Implementing VAT into a Laravel app with Stripe and Cashier

May 17, 20208 min read

I recently had to update the Sitesauce billing system to account for the European Value Added Tax (VAT). Here's a short article detailing how I implemented it.

First of all, I decided to get rid of as much of the existing billing-related logic as I possibly could. This meant implementing Stripe's new self-serve portal, which can take care of viewing invoices and managing payment methods and subscriptions. Since Cashier already takes care of keeping our database in sync with Stripe, the only thing we need to do is create a new session to redirect the user to.

php
public function portal(User $user)
{
    $this->authorize('update', $user);

    return with(\Stripe\BillingPortal\Session::create([
        'customer'   => $user->stripe_id,
        'return_url' => URL::previous(),
    ]), fn ($portal) => redirect($portal->url));
}

Here's how the portal looks in action:

While we're fixing billing stuff, multiple people have complained that the current credit card input (while looking cool) does not work on Safari, which means you cannot currently complete the onboarding on iOS devices. Let's get rid of it and give the page a quick redesign.

Here's a before and after comparison of the Sitesauce billing page (click to zoom)

You may now be wondering, where am I asking them for their credit card details? Instead of using Stripe Elements to capture their credit card details on page, I'm going to switch to the new Stripe Checkout, which will later make implementing VAT simpler.

To get it working we're gonna need to make two changes. First, we need to create a new checkout session and return the session ID, so we can redirect to checkout from the frontend. I've also added some logic to apply coupon codes, and fail validation if they don't exist.

php
public function checkout(Request $request)
{
    $this->authorize('update', $user = $request->user());

    $request->validate([
        'plan'   => ['required', 'string', 'in:monthly,yearly'],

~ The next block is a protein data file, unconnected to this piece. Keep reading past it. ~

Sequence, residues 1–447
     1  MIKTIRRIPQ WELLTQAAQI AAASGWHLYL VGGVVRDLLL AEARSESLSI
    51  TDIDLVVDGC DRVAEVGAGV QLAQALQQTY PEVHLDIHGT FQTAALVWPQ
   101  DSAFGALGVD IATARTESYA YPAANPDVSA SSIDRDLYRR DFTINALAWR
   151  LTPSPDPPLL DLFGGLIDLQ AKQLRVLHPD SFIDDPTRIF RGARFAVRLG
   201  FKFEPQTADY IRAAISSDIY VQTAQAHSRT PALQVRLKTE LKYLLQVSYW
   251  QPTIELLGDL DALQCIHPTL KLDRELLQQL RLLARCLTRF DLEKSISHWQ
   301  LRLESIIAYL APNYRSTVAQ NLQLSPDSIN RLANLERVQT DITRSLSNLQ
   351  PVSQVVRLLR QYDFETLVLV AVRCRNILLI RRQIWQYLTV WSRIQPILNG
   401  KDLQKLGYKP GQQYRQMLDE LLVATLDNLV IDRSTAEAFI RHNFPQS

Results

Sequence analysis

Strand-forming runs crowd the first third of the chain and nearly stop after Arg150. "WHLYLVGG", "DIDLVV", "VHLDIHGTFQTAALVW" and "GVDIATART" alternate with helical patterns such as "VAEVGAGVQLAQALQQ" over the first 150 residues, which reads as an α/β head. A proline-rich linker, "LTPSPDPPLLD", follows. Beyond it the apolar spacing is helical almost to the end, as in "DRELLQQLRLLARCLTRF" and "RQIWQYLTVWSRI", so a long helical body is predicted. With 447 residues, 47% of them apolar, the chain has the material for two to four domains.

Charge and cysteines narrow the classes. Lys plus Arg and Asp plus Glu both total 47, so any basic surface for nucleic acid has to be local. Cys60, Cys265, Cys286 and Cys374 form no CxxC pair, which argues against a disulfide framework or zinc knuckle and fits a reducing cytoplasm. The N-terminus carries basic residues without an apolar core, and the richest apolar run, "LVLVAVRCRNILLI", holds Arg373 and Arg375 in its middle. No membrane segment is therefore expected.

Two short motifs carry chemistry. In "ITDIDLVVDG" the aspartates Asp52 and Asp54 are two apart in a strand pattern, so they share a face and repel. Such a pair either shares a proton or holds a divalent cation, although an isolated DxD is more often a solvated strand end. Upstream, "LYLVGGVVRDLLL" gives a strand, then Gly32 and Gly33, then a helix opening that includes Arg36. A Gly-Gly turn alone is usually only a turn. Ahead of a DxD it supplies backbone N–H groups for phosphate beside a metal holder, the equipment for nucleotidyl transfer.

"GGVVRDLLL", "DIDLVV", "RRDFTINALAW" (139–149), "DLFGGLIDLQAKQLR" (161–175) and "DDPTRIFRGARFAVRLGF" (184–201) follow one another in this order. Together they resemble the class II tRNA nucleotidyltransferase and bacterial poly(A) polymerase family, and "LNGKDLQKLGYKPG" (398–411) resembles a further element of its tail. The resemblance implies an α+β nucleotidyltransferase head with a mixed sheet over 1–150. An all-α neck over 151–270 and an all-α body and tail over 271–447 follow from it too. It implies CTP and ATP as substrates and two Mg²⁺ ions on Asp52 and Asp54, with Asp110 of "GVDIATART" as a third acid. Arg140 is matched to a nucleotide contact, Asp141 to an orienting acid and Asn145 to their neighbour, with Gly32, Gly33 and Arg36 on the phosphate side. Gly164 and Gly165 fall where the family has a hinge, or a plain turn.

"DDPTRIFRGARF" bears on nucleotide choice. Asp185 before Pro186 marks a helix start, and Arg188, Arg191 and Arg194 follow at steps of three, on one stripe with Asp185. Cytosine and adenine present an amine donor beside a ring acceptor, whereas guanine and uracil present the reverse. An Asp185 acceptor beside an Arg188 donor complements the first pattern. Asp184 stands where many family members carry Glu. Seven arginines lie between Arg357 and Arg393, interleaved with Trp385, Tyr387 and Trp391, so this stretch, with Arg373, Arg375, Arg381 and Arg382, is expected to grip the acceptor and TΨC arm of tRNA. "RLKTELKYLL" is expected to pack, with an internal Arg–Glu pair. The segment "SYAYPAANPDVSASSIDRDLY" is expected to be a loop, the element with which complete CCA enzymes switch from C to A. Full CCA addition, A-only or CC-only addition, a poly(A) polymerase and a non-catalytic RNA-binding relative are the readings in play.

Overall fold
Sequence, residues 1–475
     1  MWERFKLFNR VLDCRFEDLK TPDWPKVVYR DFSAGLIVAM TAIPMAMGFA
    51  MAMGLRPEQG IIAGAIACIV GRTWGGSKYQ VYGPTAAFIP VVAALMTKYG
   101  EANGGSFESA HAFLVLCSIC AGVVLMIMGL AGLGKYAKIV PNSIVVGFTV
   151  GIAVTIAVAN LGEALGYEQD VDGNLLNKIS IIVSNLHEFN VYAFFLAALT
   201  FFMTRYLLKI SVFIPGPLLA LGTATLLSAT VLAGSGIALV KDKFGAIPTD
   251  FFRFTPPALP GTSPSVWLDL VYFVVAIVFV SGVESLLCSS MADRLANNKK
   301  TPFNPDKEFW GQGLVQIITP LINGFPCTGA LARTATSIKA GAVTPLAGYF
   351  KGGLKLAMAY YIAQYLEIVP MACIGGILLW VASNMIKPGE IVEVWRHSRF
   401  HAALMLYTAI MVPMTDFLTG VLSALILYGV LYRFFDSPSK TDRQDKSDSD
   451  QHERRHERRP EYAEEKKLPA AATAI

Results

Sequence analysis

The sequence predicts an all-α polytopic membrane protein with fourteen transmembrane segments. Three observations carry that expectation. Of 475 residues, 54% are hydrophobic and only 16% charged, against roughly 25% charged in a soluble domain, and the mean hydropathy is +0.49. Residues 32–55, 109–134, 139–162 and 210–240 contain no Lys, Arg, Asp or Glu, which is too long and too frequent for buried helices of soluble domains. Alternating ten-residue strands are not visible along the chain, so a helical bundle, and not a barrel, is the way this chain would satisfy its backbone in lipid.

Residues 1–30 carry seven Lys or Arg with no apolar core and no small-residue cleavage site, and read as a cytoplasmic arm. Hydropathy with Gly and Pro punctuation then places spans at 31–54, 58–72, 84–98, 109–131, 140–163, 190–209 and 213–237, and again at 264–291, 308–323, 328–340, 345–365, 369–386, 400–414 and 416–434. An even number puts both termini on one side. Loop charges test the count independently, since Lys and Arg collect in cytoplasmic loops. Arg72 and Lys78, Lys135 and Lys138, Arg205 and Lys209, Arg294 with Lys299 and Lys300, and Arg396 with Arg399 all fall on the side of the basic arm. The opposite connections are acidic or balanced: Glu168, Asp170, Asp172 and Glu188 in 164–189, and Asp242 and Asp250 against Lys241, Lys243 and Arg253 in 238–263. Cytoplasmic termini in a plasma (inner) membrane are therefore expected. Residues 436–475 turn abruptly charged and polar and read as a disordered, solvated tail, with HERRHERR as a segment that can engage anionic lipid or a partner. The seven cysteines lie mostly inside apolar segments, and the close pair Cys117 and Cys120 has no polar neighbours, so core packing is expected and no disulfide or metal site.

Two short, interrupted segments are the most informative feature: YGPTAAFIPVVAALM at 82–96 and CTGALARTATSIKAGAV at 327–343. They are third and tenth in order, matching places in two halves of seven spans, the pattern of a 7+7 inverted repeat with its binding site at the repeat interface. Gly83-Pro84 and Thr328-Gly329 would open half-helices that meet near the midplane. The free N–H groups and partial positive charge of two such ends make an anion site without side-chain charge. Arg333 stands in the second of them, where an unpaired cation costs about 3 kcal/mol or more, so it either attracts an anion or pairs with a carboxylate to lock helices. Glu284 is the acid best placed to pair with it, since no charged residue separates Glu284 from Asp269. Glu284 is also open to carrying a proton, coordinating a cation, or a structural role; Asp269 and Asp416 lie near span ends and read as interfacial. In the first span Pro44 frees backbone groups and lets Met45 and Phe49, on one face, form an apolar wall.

'coupon' => ['nullable', 'string'],
    ]);

    try {
        return with(\Stripe\Checkout\Session::create([
            'payment_method_types'  => ['card'],
            'customer_email'        => $user->email,
            'subscription_data'     => [
                'items'             => [ [ 'plan' => $request->input('plan') ] ],
                'coupon'            => $request->input('coupon'),
                'trial_period_days' => 7,
            ],
            'mode'                  => 'subscription',
            'client_reference_id'   => $user->id,
            'success_url'           => route('setup'),
            'cancel_url'            => URL::previous(route('setup.billing')),
        ]), fn ($session) => $session->id);
    } catch (\Stripe\Exception\InvalidRequestException $e) {
        throw_unless($e->getStripeParam() == 'subscription_data[coupon]', $e);

        fail_validation('coupon', 'The specified coupon does not exist');
    }
}

We also need to handle the checkout.session.completed webhook Stripe returns. We can do this by extending the default Stripe webhook controller and adding the following method:

php
public function handleCheckoutSessionCompleted(array $payload)
{
    $session = $payload['data']['object'];
    $team    = Team::findOrFail($session['client_reference_id']);

    DB::transaction(function () use ($session, $team) {
        $team->update(['stripe_id' => $session['customer']]);

        $team->subscriptions()->create([
            'name'          => 'default',
            'stripe_id'     => $session['subscription'],
            'stripe_status' => 'trialing',
            'stripe_plan'   => Arr::get($session, 'display_items.0.plan.id'),
            'quantity'      => 1,
            'trial_ends_at' => now()->addDays(7),
            'ends_at'       => null,
        ]);
    });

    return $this->successMethod();
}

Here's how our billing flow looks with all this implemented: